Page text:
The Guidelines for Landscape and Visual Impact Assessment (GLVIA) are published by the UK Landscape Institute LI and used by landscape architects to assess the impact of development projects on the visual landscape and on the natural environment. This expert debate was held by the free journal LANDSCAPEmatters on 10th February 2021. It was introduced by Edward Hutchison and chaired by Tony Edwards. The speakers were the landscape architects Tom Robinson, Sally Marsh, Clare Brockhurst and a planning QC Charles Banner. Tom Robinson, who proposed the debate, believes the Landscape and Visual Assessment Guidelines should be updated (1) to serve current town and country needs better (2) achieve better clarity and transparency. A transcript of the speakers presentations is available for free download and the full debate can be heard on the above video.
Though not participating in the GLVIA Debate I found it stimulating and have been thinking about the underlying issues. In the 1970s and 80s there was a lively discussion about what was called ‘landscape evaluation’ and/or ‘visual quality assessment’ (and ‘scenic quality assessment’ in the US). The word ‘impact’ was not used in these discussions – because this was before the landscape profession had a significant interest in what we now know as Environmental Impact Assessment EIA (I think this interest came from Ian McHarg, and thus from Patrick Geddes). Dominated as it is by scientific concepts and methodologies, EIA has little place for aesthetic judgements and thus has an inbuilt preference for what I see as ‘more scientific’ approaches, including social survey techniques and references to official designations and to literary and cultural associations. My belief is that there is a place for these methods but that professional judgement of landscape quality is also necessary. This is the method that was used when the UK National Parks were selected and demarcated. It is also the method used by David Skinner when commissioned in the 1970s (by the Scottish Development Department) to walk Scotland’s entire coastline and give his professional opinion of which areas should not be used by the oil industry (for terminals, rig construction etc). As in Geoffrey Jellicoe’s work on the yard at Loch Kishorn, the landscape profession was also involved in the mitigation of adverse impacts of the oil industry on Scotland’s landscape.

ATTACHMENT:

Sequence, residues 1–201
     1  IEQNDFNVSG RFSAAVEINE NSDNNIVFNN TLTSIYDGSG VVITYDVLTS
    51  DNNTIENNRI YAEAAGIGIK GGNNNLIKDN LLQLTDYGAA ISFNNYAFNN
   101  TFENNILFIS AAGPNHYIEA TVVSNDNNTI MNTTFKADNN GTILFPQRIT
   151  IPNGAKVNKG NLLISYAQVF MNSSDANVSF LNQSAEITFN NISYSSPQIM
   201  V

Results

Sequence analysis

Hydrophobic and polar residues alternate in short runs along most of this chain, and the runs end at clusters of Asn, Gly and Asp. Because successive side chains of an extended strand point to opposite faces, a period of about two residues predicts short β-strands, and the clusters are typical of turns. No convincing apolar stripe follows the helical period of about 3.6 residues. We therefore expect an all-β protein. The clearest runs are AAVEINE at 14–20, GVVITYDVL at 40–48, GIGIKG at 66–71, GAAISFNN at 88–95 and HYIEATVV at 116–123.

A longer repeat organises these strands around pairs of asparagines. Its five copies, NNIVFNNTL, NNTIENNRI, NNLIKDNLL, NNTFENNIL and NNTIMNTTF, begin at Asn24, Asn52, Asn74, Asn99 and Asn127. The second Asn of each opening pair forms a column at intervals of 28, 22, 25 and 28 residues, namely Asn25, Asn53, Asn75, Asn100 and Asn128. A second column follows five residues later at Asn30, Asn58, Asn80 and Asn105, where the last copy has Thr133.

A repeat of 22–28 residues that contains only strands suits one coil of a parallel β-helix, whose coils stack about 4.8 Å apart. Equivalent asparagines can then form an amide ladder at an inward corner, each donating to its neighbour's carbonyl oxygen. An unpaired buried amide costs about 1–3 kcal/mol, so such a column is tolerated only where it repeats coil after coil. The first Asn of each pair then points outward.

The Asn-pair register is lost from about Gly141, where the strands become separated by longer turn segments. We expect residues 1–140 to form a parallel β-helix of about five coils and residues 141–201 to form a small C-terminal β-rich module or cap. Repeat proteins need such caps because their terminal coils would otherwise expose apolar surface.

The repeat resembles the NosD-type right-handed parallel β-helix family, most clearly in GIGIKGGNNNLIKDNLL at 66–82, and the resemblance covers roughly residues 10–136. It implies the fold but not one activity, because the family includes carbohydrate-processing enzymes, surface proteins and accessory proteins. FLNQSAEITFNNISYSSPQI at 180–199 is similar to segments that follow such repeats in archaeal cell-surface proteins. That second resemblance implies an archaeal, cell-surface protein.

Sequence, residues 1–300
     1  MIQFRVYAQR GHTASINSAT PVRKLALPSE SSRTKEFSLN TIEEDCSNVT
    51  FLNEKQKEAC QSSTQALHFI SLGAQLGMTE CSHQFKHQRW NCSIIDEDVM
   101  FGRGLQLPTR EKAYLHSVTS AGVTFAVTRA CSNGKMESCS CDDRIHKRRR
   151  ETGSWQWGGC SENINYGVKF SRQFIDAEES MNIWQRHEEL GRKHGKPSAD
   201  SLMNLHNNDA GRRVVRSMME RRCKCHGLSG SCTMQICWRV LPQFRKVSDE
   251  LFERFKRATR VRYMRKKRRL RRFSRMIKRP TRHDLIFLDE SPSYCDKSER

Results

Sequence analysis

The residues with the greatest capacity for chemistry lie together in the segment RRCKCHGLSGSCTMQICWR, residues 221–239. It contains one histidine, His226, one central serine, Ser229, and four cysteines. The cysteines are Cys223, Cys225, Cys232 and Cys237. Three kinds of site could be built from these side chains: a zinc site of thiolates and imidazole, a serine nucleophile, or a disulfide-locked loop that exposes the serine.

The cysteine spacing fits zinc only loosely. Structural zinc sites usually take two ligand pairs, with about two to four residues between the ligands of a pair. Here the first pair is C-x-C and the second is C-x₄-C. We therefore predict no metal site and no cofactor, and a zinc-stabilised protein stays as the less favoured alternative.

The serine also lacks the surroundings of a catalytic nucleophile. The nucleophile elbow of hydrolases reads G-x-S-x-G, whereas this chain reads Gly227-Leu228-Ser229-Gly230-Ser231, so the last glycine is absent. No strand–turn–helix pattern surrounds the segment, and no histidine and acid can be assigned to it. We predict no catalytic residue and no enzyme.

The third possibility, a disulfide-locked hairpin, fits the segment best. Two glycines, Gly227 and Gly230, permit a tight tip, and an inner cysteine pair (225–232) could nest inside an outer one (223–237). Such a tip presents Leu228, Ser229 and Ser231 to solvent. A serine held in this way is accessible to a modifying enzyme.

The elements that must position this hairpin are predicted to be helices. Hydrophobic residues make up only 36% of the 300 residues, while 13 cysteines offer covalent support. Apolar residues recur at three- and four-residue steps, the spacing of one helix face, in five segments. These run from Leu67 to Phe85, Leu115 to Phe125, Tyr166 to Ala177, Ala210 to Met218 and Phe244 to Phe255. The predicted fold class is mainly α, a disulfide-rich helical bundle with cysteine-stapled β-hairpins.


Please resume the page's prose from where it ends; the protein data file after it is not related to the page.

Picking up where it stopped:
My suggestions for Landscape and Visual Impact Assessment are:
- revive professional judgement as a technique for the assessment of landscape visual quality
- pair the assessment of visual impact with a full Geddessian and McHargian landscape assessment of the impact of a proposed development on the factors which created the now-existing quality and character the landscape – geology, hydrology, pedology, ecology and a host of other ologies.
In their present form, the GLVIA are constrained by unnecessarily narrow conceptual boundaries. When the earth is dug, let’s remember that the wind blows, the rain falls, the sun shines and eye twinkles.